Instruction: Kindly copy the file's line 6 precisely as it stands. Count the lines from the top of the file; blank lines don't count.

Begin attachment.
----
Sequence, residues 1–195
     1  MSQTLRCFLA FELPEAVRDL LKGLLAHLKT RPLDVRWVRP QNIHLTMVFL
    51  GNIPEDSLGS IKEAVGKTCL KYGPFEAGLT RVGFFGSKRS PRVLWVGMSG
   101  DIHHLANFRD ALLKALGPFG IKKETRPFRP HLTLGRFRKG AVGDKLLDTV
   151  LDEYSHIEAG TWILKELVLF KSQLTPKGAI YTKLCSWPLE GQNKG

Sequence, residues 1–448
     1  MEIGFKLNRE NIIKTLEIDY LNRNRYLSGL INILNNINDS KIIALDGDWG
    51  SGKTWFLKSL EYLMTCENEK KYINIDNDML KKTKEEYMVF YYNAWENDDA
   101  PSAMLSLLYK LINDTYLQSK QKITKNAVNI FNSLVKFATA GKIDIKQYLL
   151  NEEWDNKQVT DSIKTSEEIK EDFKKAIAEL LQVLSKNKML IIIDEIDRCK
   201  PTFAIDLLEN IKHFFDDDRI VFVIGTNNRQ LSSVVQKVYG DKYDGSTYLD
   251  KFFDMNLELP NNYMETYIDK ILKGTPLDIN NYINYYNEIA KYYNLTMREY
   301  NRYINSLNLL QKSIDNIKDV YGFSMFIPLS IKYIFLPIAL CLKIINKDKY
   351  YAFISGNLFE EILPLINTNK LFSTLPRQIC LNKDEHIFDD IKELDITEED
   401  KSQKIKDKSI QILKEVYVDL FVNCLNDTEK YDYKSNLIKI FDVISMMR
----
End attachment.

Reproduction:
Sequence, residues 1–448